The next morning, we saw lys off when the Super Shuttle came to pick her up, and then we went back to bed and slept until eleven, which is really late for us. We thought about trying to get some work done, but ended up giving up on that idea, and took it easy instead. And then a week and a half went by, and now here we are. Tadah!


And that concludes our most recent Japan report. It was a short trip, but it was a lot of fun.

Today I'm thankful for another great trip to Japan, spare keys, getting to try the tipo tortas, super cute Halloween Danny merchandise, and the kids being reasonably well behaved in Primary today.
Comments 
19th-Sep-2016 02:35 am (UTC)
Wow~!!! And there it all is! It was short but fun indeed. And now it seems like it just happened, but so long ago. Time is funny. (I think the time zone joke about the crêpes happened in San Francisco when we were going back through security again because of their silly systems, because that would've been late-morning like it was in Sunshine City.)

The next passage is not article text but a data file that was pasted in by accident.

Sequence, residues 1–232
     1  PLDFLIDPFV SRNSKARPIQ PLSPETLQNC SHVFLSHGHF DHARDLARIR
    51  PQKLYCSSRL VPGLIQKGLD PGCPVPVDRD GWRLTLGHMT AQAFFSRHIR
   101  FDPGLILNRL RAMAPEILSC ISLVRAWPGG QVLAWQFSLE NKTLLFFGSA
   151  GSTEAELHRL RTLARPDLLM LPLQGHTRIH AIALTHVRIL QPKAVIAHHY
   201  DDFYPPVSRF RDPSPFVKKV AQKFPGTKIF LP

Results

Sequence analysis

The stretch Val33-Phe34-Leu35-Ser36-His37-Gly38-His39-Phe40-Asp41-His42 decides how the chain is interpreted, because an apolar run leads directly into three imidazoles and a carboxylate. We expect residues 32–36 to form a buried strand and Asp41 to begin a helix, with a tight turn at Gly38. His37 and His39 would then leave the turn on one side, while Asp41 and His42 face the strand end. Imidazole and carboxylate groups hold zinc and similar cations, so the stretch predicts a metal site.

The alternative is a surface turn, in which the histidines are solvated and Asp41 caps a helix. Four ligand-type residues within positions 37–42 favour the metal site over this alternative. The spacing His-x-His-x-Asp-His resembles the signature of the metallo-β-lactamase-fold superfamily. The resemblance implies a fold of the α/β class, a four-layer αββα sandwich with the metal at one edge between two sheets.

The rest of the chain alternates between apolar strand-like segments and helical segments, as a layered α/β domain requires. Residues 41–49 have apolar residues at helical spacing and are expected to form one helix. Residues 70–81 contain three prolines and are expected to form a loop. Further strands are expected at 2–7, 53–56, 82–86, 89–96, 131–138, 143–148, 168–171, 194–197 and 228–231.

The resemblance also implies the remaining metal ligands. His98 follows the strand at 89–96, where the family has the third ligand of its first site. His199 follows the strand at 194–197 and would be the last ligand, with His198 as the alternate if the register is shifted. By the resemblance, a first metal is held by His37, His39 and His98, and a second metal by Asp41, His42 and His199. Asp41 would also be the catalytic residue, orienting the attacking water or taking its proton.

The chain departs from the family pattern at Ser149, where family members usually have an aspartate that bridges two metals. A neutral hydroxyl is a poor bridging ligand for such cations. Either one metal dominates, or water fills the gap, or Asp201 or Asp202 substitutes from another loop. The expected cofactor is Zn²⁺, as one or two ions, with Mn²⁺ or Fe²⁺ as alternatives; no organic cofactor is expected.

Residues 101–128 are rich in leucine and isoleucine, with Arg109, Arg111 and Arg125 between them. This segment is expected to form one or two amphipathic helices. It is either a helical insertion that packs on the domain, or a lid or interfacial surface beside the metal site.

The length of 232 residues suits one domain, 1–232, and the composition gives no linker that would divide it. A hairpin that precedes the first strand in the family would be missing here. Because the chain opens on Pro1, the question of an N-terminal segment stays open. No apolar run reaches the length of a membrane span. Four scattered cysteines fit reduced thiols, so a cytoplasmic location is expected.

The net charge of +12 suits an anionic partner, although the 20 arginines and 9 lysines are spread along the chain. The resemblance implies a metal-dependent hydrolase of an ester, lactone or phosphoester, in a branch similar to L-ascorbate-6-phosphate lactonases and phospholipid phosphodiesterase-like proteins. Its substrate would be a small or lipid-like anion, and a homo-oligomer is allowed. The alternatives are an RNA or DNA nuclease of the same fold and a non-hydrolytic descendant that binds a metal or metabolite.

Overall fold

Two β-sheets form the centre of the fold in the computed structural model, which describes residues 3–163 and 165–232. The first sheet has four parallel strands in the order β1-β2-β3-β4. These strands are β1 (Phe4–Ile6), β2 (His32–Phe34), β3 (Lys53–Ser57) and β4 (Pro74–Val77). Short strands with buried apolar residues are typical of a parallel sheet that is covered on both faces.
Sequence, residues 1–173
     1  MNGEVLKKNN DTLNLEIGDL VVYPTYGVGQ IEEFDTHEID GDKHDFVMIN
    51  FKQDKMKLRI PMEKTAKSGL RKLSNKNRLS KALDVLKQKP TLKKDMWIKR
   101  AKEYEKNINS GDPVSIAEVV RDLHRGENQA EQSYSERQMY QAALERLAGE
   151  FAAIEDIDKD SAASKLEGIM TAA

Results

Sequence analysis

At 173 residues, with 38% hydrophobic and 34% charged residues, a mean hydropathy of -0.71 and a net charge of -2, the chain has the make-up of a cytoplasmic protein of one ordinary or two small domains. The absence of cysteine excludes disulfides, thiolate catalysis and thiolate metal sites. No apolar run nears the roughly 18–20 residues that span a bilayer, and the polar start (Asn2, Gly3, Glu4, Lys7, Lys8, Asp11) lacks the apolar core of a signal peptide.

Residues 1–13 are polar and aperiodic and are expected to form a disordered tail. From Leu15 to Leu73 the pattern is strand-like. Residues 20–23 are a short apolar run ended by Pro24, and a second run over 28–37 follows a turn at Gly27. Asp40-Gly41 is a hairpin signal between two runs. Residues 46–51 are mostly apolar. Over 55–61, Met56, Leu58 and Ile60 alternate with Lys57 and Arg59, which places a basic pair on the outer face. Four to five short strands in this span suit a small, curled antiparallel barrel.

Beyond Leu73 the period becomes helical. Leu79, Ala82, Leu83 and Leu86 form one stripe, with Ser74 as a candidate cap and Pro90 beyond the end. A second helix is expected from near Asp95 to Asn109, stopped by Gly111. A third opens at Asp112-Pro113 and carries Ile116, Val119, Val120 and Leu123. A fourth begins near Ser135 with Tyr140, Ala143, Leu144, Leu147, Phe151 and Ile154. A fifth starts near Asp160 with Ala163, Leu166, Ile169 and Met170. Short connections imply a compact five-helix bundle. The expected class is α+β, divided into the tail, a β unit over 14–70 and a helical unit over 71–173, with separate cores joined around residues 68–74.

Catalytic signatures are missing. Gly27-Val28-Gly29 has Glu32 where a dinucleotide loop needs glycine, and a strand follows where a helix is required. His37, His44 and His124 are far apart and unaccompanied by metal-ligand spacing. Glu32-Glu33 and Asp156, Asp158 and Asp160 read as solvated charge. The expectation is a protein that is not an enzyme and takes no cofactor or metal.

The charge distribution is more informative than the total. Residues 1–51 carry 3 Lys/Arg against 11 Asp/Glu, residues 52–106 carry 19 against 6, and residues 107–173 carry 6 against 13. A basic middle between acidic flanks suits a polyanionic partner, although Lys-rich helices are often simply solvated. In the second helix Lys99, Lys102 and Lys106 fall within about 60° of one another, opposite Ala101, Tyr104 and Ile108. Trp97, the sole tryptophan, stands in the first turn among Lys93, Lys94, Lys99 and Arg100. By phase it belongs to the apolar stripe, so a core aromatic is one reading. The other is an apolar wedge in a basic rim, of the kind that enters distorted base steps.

By the way, I've wanted to apologize because I felt like the whole trip I was constantly forgetting stuff and losing stuff and having too much stuff to sort through to find the stuff I needed in the moment, and then especially the last couple days when we were running all over the place for me to buy more things (and then losing those Noragami keychains (that later showed up but I didn't know they would at the time) left me kind of fixated on the loss for a while, like a couple days, so I may have been overcompensating with wanting to buy things.) So thank you very much for bearing with me with great patience through all of my inconvenience. I think I learned a lesson about needing to simplify my life (or at least my luggage) but it might take another traveling experience to find out if the lesson actually took. (I did at least learn how my camera's battery charging ability works by the end of the trip so there's one thing I'll be more prepared for in the future...)